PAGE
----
A small part of the problem lies with the working breeders. Many of them eschew the different titling systems that exist within our community. No matter what sort of work the hardcore breeder participates in, there is a title that corresponds with his favored activity. There are traditional European sport titles, there are less traditional breed specific sport titles and there are truly innovative titles created specifically for American Bulldogs, such as the Catch Dog titles for hog/cattle work. This is a self-correcting problem as more and more working breeders embrace the formalized aspect of the various titling systems. Every day the ranks of titled ABs swell as breeders come to realize that this is the only way to maintain and expand the working aspects of our breed in the face of litigation and against the backdrop of the huge numbers of non-working breeders, dog people that must be segregated and isolated from the working community. The titles are walls that will perfect this isolation, preventing the interbreeding of working and non-working strains. Working breeders are coming to realize that the solution to our problem is to foster a gulf between themselves and the non-working breeders, to create an exclusive club that bars admittance to those not dedicated to the principles of the governing body that issues the title.

The principal problem that leads to the huge numbers of puppy customers that end up with an American Bulldog that is too much for them to handle (or worse - an unstable sharp/shy dog that no one would want under any circumstance) is the legion of non-working breeders that either want to create high drive animals without the knowledge or discipline this endeavor requires and the unscrupulous breeders that will breed anything to make a buck. What the non-working breeders should do is take a page from their AKC counterparts. The non-working breeders should use the AKC Canine Good Citizen (CGC) as their primary breed test and OFA/Penn-hip as their secondary breed test. Their goals should be to produce a structurally sound animal that has a rock steady and super safe temperament. They should focus on lack of animal aggression, lack of dog aggression, lack of sensitivity to sound/new situations and overall stability. Every dog they breed should pass the CGC, this should be the cornerstone of 99% of American Bulldog breeding programs. Non-working breeders should be stacking up generations of CGCs the same way that working breeders should be stacking up generations of Catch Dog titles and/or sport titles. And if the non-working breeders want to do more with their dogs, they should pursue advanced obedience titles, which is exactly what the better AKC breeders do. Most American Bulldogs breeders should not scoff at the better AKC breeders, but should imitate them.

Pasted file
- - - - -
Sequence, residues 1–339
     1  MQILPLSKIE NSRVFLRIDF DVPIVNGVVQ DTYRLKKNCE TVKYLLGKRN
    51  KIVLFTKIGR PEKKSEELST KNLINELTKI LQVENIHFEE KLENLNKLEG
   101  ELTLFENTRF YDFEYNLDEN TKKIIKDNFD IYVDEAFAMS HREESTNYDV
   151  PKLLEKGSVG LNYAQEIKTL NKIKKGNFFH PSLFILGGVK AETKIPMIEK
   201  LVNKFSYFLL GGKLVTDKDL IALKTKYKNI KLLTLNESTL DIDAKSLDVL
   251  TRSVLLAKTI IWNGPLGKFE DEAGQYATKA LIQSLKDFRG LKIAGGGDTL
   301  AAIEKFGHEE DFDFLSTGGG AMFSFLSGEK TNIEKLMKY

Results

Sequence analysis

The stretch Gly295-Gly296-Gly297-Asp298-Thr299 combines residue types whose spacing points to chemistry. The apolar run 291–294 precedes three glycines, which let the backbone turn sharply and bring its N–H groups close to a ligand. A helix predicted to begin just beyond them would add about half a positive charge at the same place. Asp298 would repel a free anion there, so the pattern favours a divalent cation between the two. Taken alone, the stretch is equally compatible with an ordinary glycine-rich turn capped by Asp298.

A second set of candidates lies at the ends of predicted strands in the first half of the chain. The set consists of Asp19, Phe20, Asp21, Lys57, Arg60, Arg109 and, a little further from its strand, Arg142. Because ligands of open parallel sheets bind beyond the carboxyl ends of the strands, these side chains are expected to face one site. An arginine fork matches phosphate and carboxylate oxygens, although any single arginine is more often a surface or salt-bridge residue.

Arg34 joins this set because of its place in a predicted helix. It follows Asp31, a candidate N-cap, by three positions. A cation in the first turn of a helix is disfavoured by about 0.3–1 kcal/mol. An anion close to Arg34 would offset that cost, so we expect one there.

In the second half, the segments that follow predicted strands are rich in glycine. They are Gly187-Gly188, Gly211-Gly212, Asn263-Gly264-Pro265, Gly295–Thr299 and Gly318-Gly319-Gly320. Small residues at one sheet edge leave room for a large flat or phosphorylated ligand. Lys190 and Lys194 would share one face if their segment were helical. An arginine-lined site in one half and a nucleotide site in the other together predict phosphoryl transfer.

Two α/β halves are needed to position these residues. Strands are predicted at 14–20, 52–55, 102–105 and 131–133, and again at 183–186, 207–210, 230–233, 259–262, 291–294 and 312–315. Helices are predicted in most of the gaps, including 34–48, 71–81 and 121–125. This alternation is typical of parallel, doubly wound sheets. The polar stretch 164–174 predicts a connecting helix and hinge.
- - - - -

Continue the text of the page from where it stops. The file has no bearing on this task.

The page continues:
This is how working breeders can help: they should embrace their non-working brethren that put CGC titles on their dogs with open arms, and drop the supercilious attitude. There is nothing wrong with producing American Bulldogs that have very stable temperaments but are not worked on men or animals. The alternative to huge numbers of American Bulldogs that have CGCs and are not worked on boars or men is huge numbers of American Bulldogs that are not temperament tested and are still not worked on boars or men. What the American Bulldog community must do is come to terms with the real vs. the ideal. There will never be and there can never be more than a handful of working breeders. Working American Bulldogs are not for everyone. The future of the Working American Bulldog is secure, that is not the problem. There are hundreds of titled ABs. The problem is inadequate numbers of responsible non-working breeders. There are not hundreds of ABs with CGCs. Even more alarming, most of the ABs with CGCs either have working titles or are in the process of acquiring working titles. Virtually zero non-working breeders are utilizing formal temperament tests. The over arching problem is that non-working breeders refuse to acknowledge their true status and focus on realistic goals.

This is what it means to come to terms with the real vs. the ideal: In an ideal world, every American Bulldog breed candidate would have certified hips and a working title. And every puppy customer would be carefully screened to make sure that he or she was able to raise and train a Bulldog with strong working drives. In the real world we must admit that this is impossible, and create a second path for responsible breeders to travel. In a nutshell, any breeder that doesn’t have working titles on his breed candidates should have CGCs.

©2001, Dave Putnam

You are visitor

Since January 1, 1999
FastCounter by LinkExchange

www.dogresources.com ©1999-2001